The best way to avoid this bias is by including interviews from different perspectives and backgrounds. The interviewer should ask questions about experiences the candidate has had that might not be related directly to the job they’re applying for to understand better who this person is and how they will behave in the workplace.

How do you incorporate diversity in design?

A few days ago, I was at an online event where the speaker’s presentation was about creating a diverse design. The presenter touched on topics such as gender, age, and ethnicity. All three of these are important aspects when designing for any user group, so we mustn’t neglect them in our work.

One thing that stood out to me was the idea of “representation”. We need to make sure that there is a representation of all genders and races within our designs because this will help us create more inclusive products/services. While you can’t please everyone with your design, making sure you have diversity within your illustrations and graphics goes a long way in doing so!

The speaker also mentioned that many designers might not be aware of the need to design with diversity in mind. We should consider this and actively think about it when designing for specific audiences/segments. It’s essential to know your audience so you can create a better experience for them!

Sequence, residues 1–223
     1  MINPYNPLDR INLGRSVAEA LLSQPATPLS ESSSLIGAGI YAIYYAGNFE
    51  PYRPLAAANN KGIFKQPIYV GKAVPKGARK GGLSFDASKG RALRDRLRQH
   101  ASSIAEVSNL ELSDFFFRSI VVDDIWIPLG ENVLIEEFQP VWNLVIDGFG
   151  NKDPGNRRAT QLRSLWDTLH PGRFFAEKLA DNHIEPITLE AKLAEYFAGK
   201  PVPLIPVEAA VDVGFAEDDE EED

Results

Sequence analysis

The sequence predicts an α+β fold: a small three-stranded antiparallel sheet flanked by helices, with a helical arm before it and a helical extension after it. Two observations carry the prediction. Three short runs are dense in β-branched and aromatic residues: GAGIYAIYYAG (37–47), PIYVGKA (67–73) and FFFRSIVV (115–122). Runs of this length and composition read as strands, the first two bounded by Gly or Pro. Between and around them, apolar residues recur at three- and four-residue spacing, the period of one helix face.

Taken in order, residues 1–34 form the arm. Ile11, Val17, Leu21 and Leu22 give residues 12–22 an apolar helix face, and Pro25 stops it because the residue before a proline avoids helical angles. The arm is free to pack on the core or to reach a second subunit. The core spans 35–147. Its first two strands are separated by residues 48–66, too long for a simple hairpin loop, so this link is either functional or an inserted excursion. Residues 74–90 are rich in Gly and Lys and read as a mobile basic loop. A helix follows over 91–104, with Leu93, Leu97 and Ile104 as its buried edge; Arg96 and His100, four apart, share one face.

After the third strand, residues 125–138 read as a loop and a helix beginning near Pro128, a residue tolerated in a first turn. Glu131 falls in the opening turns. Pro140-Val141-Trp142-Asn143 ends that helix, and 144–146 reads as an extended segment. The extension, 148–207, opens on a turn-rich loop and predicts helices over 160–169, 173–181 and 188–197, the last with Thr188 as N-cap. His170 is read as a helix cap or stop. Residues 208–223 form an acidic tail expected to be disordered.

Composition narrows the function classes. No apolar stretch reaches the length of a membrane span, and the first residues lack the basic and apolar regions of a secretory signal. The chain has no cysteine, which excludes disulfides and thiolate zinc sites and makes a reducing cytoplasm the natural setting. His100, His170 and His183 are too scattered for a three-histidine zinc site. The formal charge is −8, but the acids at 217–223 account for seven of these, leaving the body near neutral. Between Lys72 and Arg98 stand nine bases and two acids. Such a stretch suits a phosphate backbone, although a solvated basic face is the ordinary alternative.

Photo by Gemma Chua-Tran on Unsplash
Photo by Gemma Chua-Tran on Unsplash

Designers should always take into account the needs and wants of their users. Customers come in all shapes and sizes, both age-wise and gender-wise. We need to empathize with our users while contemplating whether we are being too biased, which will lend itself to a better understanding of diversity within society by asking questions about the world around us.

The need for better diversity in the world starts with self-examination. To build a more inclusive future, we must question our biases and think outside the box when designing products or services. Companies such as Airbnb and News Deeply have made it their mission to create an internet that is free from bias by providing designers tools like this toolkit called “Another Lens”, which prompts users to rethink what they know about how people interact on digital platforms while also keeping accessibility in mind at every step along the way.